961. Robert Southey to Joseph Cottle, 5 July 1804

961. Robert Southey to Joseph Cottle, 5 July 1804 ⁠* 

July 5. 1804

Dear Cottle

Tho Mr Porter [1]  makes so short a stay that it is impossible to write more than a few lines, without those few he shall not depart. I ought to have answered a former letter of yours – It arrived just about Ediths birth time [2]  – & in plain truth I forgot it in the utter subversion of all domestic habits such an event occasions, & in the fatigue of a visit to London.

Do you write to the Magazines [3]  – you are known as the Co-Editor, & one of a firm is always sufficient to transact business. I need not say anything as to what should be said for you know as well as I do – so much paid to Mrs N. [4]  so much still due – so many copies unsold – so many presented to the contributors, of course without specifying them by name. – I was pleased by the Edinburgh Review of the work which must needs assist it. [5] 

Good luck to your selection. [6]  if it be not finished insert in it, if you like the poem as well as I do – a little Ode to the Rosemary by Henry Kirke White, a boy of Nottingham – which you may find as by me extracted from his poems in the second Annual Review [7]  – in which volume I wrote much – & among other articles Malthus on Population. [8]  but that is a secret & designed only for yourself. God bless you. I will write you a letter ere long – meantime excuse a letterlet scrawled in haste

yrs affectionately



* Address: To/ Mr Cottle/ by favour of Mr Porter
Watermark: shield, C. HALE
Endorsements: 172 70
MS: Newnham College, Cambridge, Harold Young Papers 382. ALS; 2p.
Unpublished. BACK

[1] Probably the Reverend Joseph Porter (dates unknown), a clergyman based in Bristol. BACK

[2] Edith May Southey was born on 30 April 1804. BACK

[3] To explain the use made of the profits accruing from the publication of The Works of Thomas Chatterton, 3 vols (1803), jointly edited by Southey and Cottle. BACK

[4] Mary Newton (1749–1804), the sister of Thomas Chatterton (1752–1770; DNB), was the principal beneficiary of the sales of his poetical works, which Southey and Cottle edited to relieve Chatterton’s family from financial distress. In 1803 Southey reckoned that the publication would clear over £400 for her. BACK

[5] The notice of the Chatterton edition appeared in the Edinburgh Review, 7 (April 1804), 214–230. BACK

[6] A reference to Cottle’s A Selection of Poems, designed chiefly for Schools and Young Persons (1805). BACK

[7] Southey reviewed Henry Kirke White, Clifton Grove, a Sketch in Verse, with Other Poems (1803), in the Annual Review for 1803, 2 (1804), 552–554. Southey praises ‘To the Herb, Rosemary’ on page 553. BACK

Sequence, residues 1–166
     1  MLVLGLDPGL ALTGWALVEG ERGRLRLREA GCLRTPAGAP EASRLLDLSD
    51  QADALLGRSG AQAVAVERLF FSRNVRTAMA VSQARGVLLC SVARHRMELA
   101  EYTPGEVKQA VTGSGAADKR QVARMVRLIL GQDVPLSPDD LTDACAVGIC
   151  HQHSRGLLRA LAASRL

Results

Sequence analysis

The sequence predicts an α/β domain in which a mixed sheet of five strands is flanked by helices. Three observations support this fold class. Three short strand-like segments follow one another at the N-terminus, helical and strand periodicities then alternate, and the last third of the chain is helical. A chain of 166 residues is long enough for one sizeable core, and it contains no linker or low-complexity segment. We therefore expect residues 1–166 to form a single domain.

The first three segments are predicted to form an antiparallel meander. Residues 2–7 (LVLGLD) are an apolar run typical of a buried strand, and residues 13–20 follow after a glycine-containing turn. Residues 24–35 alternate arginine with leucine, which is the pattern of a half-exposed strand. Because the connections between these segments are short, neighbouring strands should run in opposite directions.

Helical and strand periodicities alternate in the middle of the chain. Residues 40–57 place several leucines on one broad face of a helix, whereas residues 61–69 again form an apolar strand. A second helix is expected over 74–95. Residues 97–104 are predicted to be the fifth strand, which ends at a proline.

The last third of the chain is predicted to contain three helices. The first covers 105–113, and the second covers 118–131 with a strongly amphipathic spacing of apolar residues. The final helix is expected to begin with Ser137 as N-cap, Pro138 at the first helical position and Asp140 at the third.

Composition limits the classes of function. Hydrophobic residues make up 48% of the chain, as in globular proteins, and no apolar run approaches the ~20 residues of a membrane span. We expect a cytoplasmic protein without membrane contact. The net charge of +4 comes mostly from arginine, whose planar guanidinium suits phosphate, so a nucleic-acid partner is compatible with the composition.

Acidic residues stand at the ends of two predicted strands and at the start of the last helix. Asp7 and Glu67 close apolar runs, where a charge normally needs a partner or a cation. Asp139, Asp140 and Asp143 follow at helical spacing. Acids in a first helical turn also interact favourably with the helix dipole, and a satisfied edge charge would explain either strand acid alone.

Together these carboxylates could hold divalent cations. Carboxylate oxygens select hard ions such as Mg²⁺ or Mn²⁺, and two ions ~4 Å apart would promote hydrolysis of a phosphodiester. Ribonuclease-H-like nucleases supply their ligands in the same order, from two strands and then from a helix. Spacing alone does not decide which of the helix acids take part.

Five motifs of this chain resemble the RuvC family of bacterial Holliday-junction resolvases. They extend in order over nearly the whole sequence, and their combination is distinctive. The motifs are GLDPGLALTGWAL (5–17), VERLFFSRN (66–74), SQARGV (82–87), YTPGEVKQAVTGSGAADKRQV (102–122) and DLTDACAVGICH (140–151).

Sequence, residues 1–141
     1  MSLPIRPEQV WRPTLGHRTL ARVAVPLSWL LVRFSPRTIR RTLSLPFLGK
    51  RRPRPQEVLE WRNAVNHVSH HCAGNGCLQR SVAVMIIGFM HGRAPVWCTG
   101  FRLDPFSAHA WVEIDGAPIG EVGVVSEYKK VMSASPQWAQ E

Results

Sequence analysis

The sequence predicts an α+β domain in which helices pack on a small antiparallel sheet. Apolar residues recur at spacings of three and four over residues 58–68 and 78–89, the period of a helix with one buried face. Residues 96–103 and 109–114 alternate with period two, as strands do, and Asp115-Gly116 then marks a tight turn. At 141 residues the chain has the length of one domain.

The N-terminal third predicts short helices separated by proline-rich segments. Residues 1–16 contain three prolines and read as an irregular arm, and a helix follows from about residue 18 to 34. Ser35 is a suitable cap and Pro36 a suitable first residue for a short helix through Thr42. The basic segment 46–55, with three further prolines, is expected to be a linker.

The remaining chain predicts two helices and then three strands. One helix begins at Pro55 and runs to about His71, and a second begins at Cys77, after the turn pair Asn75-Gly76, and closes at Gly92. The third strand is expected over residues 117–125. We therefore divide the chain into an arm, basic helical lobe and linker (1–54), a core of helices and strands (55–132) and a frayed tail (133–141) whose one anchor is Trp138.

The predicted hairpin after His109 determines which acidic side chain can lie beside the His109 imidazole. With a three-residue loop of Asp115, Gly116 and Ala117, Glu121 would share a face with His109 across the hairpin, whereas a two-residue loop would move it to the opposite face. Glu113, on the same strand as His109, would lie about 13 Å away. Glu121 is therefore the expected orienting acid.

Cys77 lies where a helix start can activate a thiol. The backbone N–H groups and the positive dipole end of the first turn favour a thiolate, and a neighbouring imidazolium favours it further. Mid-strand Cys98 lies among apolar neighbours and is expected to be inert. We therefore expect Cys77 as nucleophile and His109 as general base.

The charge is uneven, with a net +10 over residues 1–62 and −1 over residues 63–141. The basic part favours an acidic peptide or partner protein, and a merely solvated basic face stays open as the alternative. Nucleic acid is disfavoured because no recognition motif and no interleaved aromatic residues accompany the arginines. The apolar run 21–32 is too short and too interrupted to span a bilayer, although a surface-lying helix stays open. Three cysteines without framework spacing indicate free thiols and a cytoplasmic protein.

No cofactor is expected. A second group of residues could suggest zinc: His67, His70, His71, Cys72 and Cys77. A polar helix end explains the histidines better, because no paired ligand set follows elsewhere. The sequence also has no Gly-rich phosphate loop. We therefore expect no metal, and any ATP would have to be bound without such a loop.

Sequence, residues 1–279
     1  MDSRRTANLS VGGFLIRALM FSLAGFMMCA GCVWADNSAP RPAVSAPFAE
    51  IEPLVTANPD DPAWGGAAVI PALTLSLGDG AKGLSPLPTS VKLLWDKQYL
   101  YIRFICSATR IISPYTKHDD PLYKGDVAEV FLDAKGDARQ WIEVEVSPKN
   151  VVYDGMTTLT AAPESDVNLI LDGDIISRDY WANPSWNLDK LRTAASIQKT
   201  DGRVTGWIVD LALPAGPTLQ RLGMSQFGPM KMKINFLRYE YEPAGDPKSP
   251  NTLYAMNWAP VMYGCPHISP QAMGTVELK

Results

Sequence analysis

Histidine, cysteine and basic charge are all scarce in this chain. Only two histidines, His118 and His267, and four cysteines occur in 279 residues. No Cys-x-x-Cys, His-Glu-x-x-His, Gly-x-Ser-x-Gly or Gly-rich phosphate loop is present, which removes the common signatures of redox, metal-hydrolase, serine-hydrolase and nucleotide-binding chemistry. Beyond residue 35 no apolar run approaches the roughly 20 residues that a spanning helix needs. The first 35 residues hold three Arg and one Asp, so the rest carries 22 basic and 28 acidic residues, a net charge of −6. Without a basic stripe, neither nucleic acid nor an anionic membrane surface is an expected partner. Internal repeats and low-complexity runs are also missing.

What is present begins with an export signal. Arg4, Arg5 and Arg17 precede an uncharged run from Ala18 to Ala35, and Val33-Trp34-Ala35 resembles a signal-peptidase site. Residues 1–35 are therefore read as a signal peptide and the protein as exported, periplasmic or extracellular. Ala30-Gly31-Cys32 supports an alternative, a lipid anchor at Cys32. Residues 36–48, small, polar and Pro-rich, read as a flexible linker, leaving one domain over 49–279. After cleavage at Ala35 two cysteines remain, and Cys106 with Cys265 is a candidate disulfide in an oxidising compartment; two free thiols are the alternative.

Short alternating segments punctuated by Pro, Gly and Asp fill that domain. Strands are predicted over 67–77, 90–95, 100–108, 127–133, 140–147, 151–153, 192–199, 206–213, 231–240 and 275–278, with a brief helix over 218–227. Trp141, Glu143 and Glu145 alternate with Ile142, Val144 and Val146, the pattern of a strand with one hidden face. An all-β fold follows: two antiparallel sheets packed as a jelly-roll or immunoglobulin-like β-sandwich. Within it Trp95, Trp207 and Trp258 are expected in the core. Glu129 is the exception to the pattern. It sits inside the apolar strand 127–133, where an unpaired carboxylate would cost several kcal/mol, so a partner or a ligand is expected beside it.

[8] In the Annual Review for 1803, 2 (1804), Southey wrote the following reviews: James Burney, A Chronological History of the Discoveries in the South Sea or Pacific Ocean ... Illustrated with Charts (Vol. 1; 1803), 3–12; James Stanier Clarke (1766–1834; DNB), The Progress of Maritime Discovery, from the Earliest Period to the Close of the Eighteenth Century, Forming an Extensive System of Hydrography (1803), 12–20; James Curtis (dates unknown), A Journal of Travels in Barbary in 1801 ... With Observations on the Gum Trade of Senegal (1803), 20–23; Louis Maria Joseph, Count O’Hier de Grandpré (1761–1846), A Voyage in the Indian Ocean, and to Bengal ... To Which is Added a Voyage in the Red Sea, Including a Description of Mocha, and of the Trade of the Arabs of Yemen (1803), 48–54; John Davis (1774–1854), Travels of Four Years and a Half in the United States of America, During 1798, 1799, 1800, 1801, and 1802 (1803), 54–59; Lockhart Muirhead (dates unknown), Journals of Travels in Parts of the Late Austrian Low Countries, France, the Pays de Vaud and Tuscany in 1787 and 1789 (1803), 59–63; Charles William Doyle (1770–1842), A Non-Military Journal; Or, Observations Made in Egypt, by an Officer upon the Staff of the British Army: Describing the Country, its Inhabitants, their Manners and Customs (1803), 63–66; William Wittman (fl. 1799–1804), Travels in Turkey, Asia Minor, Syria, and Across the Desert into Egypt During the Years 1799, 1800, and 1801, in Company with the Turkish Army and the British Military Mission (1803), 66–71; [Ann Blund (dates unknown)], Journal of a Short Excursion among the Swiss Landscapes (1803), 79–80; Isaac King (dates unknown), Letters from France (1803), 88–90; Part the First of An Address to the Public from the Society for the Suppression of Vice, Instituted, in London, 1802, Setting Forth, with a List of the Members, the Utility and Necessity of such an Institution, and its Claim to Public Support (1803), 187; Transactions of the Missionary Society (Vol. 1, 1803), 189–201; William Myles (1756–1828), A Chronological History of the People called Methodists ... With an Appendix, Containing Two Lists of the Itinerant Preachers ... With the Last Will and Testament of the Rev. J. Wesley (1803), 201–213; Thomas Malthus (1766–1834; DNB), An Essay on the Principle of Population, as it Affects the Future Improvement of Society; with Remarks on the Speculations of W. Godwin, M. Condorcet and Other Writers (1803), 292–301; William Godwin, Life of Geoffrey Chaucer ... Including Memoirs of ... John of Gaunt, Duke of Lancaster; with Sketches of the Manners, Opinions, Arts and Literature of England in the Fourteenth Century (1803), 462–473; George Mason (1735–1806; DNB), The Life of Richard Earl Howe (1803), 499–501; Joseph Ritson (1752–1803; DNB), Ancient Engleish Metrical Romanceës (1802), 515–533; George Ellis, Specimens of the Early English Poets (3rd edn 1803), 538–542; Richard Mant (1776–1848; DNB), The Poetical Works of the Late Thomas Warton (1802), 543–546; William Hayley (1745–1820; DNB), The Life and Posthumous Writings of William Cowper, Esq. (1803), 457–462; Peter Bayley (bap. 1778–1823; DNB), Poems (1803), 546–552; Henry Kirke White, Clifton Grove, a Sketch in Verse, with other Poems (1803), 552–554; Josiah Walker (d. 1831), The Defence of Order, a Poem (1803), 557; The Inquiry. Part 1, 557–558; William Barnes Rhodes (1772–1826; DNB), Epigrams (1803), 558; James Woodhouse (bap. 1735–1820), Norbury Park, a Poem with Several Others Written on Various Occasions (1803), 558; Henry William Tytler (1752/3–1808), The Voyage Home from the Cape of Good Hope (1803), 559; Luke Booker (1762–1835; DNB), Calista, or a Picture of Modern Life, a Poem (1803), 564; D. A. G. B. Cassano (dates unknown), Il Fiore della Poesia Italiana (1802), 562–563; Percy Clinton Sydney, 6th Viscount Strangford (1780–1855; DNB), Poems from the Portuguese of Luis de Camoens (1803), 569–577; William Lisle Bowles, The Picture, Verses Suggested by a Magnificent Landscape of Rubens (1803), 582; John Peter Roberdeau (bap. 1754–1815), Fugitive Verse and Prose (1803), 582–583; George Owen Cambridge (d. 1841), Works of Richard Owen Cambridge, Esq. with an Account of his Life and Character (1803), 583–585; Anne-Louise-Germaine Necker, Baroness de Staël-Holstein (1766–1817), A Treatise of Ancient and Modern Literature (tr. 1803), 643–650; Asiatic Researches; or Transactions of the Society Instituted in Bengal for Enquiring into the History and Antiquities, the Arts, Science and Literature of Asia (vol. VII, 1803), 898–908. BACK